In the footsteps of Schwarzenegger: An Interview with Peter Kent by Kent Hill

Ever been mistaken for somebody famous? Someone ever come up to you sayin’, “Hey you know, you look a hell-of-lot-like (insert famous actor here). You could be his stunt double.”

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Peter wasn’t in Hollywood long before he heard about a little film being made called The Terminator. He went down and met with the film’s director, this young guy named James Cameron. Then, he met the film’s star, a chap named Arnold Schwarzenegger. Peter bore a striking resemblance to the man who would ever be Conan. It was after this encounter that would secure Peter a gig for the next 13 years as guy who made Arnie look as though all the rough stuff he endured on screen looked like a cakewalk.

Of course, along the way, Peter became a star in his own right; not only playing small roles in Schwarzenegger movies, but amassing an impressive list of credits in both film and television alongside his stunt work.

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Nowadays however, Peter is a contented family man and is equally as dedicated to training the next generation of stunt performers. And who better to learn from than one of the best. This was a great interview with tales of life with Arnold, fighting over the channel changer with Jesse Ventura and having a beer with Charlton Heston.

So dear PTS listeners I give you a chat between two Kents. And no, I’ve never been mistaken for Peter.

Enjoy . . .

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(FOR MORE ON PETER’S STUNT SCHOOL FOLLOW THIS LINK: http://peterhkent.com/1school.shtml )

The Nice Guys: A Review by Nate Hill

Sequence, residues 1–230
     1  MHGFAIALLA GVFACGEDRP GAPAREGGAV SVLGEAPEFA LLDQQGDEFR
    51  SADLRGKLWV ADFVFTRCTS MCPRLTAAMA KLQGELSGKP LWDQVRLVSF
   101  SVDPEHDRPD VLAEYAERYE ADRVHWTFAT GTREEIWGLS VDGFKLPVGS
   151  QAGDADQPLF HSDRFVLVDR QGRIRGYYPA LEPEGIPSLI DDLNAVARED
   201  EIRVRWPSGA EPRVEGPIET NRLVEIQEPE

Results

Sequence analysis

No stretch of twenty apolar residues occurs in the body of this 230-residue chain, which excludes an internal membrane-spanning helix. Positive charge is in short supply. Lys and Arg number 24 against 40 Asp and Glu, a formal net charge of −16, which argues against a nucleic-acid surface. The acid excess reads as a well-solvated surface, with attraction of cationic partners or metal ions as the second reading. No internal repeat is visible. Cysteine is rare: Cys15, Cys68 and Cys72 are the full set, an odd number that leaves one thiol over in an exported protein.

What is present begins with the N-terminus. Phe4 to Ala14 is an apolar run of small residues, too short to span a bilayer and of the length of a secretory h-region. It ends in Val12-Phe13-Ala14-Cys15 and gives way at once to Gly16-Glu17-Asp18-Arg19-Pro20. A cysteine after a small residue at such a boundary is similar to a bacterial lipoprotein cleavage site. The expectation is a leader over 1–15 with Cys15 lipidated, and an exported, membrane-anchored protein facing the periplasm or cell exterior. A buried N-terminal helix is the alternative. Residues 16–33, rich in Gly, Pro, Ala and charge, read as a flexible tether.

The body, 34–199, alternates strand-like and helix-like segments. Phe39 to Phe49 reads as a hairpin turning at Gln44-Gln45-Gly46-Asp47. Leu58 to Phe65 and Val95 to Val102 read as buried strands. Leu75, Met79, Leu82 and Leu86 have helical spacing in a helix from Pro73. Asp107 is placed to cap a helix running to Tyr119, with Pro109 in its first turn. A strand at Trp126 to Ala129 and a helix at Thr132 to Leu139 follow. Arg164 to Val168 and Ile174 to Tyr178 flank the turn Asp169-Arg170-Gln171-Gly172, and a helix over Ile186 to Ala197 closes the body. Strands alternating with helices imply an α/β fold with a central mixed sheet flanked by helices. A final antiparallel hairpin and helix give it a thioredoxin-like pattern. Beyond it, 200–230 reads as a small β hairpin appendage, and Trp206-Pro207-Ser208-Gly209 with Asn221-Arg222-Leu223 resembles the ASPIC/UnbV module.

The Nice Guys is a torrential downpour of laughs, prat falls and lovable idiocracy, a formula which director Shane Black perfected with his super underrated Kiss Kiss Bang Bang. This one is no doubt it’s sister film, and while it has comedy in spades, top tier performances all round and luscious 1970’s production design, it’s just a we bit under-plotted. Having said that, that’s my one and only complaint about it. It’s the funniest film of the year by far, thanks to the rough and tumble pairing of Russell Crowe and Ryan Gosling. Crowe is Jackson Healy, a mopey hired thug who will put the hurt on anyone if the dollar is right. This occupation has him cross the path of Holland March (Gosling) an ex cop PI who, according to his daughter (Angourie Rice), is the world’s worst detective. He’s certainly a buffoon, a trait which forms one half of their comedic shtick, the other being Healy’s laid back exasperation everytime March gets them into trouble, which is pretty much throughout the entire film. The two of them unwittingly stumble into a dangerous turn events involving the justice department, murder, the apparant suicide of a porn star (Margaret Qualley), a very scary assassi  (Matt Bomer) and one angry goon played by an afro’d out Keith David. It’s tough to make heads or tails of what’s really going on, but like Kiss Kiss Bang Bang it’s not about the plot or the outcome, it’s more about watching the characters trip over each other in style as they get there. Crowe is terrific, a bear of a dude who’s in way over both his head, IQ and pay grade, aghast at Gosling’s antics at every turn. Gosling’s character belongs to that special class of stupid that is so clumsy that he circumnavigates his own ineptitude and ends up falling right into clues, without a clue how he got there. After a string of recent stoic introvert roles, he’s the most animated character of the film and is clearly having a ball. None of what the duo do would be possible without March’s precocious 13 year old daughter, played with uncanny ability by Rice, whose star is going to be solidly on the rise, I’d wager. A reunion of sorts occurs with the arrival of Kim Basinger as the head of the justice department, joining Crowe again after their work in L.A. Confidential. Basinger isn’t given much to do ultimately, but her presence is a welcome addition to the vibe. Black deserves kudos for his gorgeous recreation of L.A. in the 70’s, right down to the sickening lampshades pastel suits and souped up cars it’s a treat to see. The energy from Crowe and Gosling is where it’s at with this one, and they both eagerly tuck in to the dialogue, making this one groovy, delirious riot of a flick.